Alamo Drafthouse, the Austin-based movie theater company beloved by film fans, has filed for Chapter 11 bankruptcy due to the financial impact of the COVID-19 pandemic, and is closing low-performing properties, including its flagship theater – the Ritz, located in downtown Austin.
The Ritz was built in 1929 and like many old theaters from that time, it has endured an interesting and checkered history, at various times serving as a pool hall, nightclub, adult movie theater (twice), and once being shuttered for almost a decade. I am most familiar with the Ritz from when it was a punk rock club in the early 80’s. However, Alamo Drafthouse relocated their original downtown Austin theater to the Ritz in 2007 and it has served as their flagship theater ever since, boasting one of the only two remaining 70 mm film projectors in Austin and, of course, Alamo’s brilliant programming.
My favorite Alamo Ritz experience happened in 2015. I noticed in the events section of the Austin Chronicle that the Alamo Ritz was having a Miami Vice night. They would be showing two episodes from the 80’s TV series on the big screen and it was FREE! It was a Monday on a work week, but what the hell. Looking to thaw out from a freezing January, I grabbed my white blazer and headed for the sultry streets of Miami by way of the Ritz.
The show was free, so of course the theater was depending on food and drink sales from the very small crowd to support the evening. They could have just handed me the regular drink menu, but of course, that isn’t the Alamo way and the server handed me a menu of themed cocktails. It’s details like this that make the Alamo so beloved to film lovers, even if I did take away a whole letter grade for not having a drink called Last of the Mojitos.
Naturally, The Alamo didn’t just slap a couple of random episodes up on the screen. An employee came up front before the show and explained his choices and indeed, he chose two of the best episodes: No Exit (with Bruce Willis) and probably my favorite episode of the series – Out Where the Buses Don’t Run with great performances by guest stars Bruce McGill and David Strathairn. It also featured Miami Vice doing what it did best, leveraging great music to set a tone fit for the moral morass of the times. In this case, over the strains of Dire Straits’ Brothers in Arms and the sounds of a gathering storm, Crockett and Tubbs race through the dark streets of Miami to help their colleague , only to find the inevitable and grim result of an exhausted cop no longer able to bear the weight of his darkest secret. The climax of that episode is the most perfect six minutes of television I have ever seen.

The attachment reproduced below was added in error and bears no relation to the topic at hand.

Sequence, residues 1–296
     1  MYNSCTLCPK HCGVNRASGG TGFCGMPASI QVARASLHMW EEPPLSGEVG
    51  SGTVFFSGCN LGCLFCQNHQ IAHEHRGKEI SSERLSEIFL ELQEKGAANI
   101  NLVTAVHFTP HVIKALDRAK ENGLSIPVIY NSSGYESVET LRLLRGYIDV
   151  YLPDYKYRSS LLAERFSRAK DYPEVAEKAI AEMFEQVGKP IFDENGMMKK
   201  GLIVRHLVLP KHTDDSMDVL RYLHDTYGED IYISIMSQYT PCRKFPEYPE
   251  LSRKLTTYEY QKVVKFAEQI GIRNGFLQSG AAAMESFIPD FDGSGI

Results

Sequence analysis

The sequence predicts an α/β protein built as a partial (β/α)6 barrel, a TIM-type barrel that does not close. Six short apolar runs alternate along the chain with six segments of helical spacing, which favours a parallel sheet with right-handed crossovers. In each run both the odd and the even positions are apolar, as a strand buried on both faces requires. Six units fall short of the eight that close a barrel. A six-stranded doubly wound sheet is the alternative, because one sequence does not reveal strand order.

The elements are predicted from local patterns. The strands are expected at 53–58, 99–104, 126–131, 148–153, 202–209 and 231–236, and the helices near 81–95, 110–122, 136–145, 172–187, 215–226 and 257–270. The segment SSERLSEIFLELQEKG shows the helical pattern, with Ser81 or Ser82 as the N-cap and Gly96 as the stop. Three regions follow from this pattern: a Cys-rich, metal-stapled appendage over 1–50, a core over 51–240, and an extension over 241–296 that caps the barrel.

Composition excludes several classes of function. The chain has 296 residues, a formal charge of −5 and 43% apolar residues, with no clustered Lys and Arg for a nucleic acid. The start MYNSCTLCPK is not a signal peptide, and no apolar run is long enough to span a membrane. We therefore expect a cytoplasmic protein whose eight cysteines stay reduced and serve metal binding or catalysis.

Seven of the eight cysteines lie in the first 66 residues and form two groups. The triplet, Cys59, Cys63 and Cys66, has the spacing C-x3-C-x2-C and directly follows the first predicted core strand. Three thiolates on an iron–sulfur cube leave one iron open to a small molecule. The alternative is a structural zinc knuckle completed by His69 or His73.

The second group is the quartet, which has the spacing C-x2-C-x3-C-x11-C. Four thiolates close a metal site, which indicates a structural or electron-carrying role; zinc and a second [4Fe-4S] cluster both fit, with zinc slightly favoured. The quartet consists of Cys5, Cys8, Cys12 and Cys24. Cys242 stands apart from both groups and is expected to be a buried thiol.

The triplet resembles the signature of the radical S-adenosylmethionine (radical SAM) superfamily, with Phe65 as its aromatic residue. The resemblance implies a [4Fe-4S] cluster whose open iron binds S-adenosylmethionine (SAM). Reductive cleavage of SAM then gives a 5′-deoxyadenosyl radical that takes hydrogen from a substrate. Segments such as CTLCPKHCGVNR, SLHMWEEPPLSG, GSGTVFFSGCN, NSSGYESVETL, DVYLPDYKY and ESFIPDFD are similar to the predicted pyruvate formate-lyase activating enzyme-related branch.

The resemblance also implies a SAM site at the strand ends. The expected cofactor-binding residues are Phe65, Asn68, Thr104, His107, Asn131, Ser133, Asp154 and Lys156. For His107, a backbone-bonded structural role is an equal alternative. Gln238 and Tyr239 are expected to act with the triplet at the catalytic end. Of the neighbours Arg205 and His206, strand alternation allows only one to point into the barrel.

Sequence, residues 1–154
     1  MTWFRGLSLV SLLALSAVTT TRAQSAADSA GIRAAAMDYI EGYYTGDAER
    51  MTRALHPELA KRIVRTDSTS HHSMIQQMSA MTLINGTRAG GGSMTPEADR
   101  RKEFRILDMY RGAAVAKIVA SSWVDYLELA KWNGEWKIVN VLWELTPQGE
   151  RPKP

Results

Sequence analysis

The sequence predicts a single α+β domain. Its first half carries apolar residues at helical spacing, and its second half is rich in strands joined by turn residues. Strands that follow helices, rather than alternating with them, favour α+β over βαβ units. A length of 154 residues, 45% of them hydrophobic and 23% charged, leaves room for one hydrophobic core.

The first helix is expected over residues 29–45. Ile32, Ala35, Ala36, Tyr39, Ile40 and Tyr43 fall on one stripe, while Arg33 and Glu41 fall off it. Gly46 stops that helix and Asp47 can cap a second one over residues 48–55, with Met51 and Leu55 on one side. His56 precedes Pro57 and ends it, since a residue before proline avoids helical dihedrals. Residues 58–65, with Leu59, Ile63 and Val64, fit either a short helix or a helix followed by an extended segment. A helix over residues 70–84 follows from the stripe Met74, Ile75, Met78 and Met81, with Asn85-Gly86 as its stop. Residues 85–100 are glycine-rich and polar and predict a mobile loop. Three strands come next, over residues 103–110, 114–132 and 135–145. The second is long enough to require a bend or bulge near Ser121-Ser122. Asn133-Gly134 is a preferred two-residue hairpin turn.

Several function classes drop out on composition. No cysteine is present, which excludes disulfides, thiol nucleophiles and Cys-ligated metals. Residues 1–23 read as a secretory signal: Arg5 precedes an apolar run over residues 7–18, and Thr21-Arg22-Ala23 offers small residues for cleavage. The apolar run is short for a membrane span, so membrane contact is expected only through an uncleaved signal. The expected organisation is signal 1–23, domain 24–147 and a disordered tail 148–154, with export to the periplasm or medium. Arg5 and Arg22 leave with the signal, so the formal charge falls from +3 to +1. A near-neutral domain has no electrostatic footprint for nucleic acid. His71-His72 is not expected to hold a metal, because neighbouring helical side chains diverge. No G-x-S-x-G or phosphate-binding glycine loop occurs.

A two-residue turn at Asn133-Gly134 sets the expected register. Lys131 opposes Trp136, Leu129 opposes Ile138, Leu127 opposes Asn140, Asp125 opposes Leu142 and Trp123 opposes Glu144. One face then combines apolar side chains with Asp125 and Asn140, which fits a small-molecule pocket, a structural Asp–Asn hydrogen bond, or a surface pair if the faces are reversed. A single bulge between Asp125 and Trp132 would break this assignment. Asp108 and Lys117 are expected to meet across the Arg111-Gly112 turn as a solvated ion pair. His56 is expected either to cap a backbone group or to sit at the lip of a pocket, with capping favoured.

Funny thing about the jacket, not a single person (except the server) said anything about it at the fan show. But afterwards, walking back down 6th St, everybody complimented it – Roppolo’s patrons, bouncers, passers-by, some guy from his car… it was awesome and helped lift my spirits after… well, watching two episodes of Miami Vice.
If you want to learn more about Miami Vice, my friend and fellow Duranie, Morgan Richter, has a YouTube channel in which, among other things, she discusses Miami Vice and reviews every single episode. Check it out here.
The Ritz is dead, long live the Ritz!
Sorry, I had a very poor cell phone camera in 2015.
Please pin, tweet, and share! More importantly, share your favorite memories of the Ritz and let me know what you think about going out to the movies right now. Do you think it’s too soon?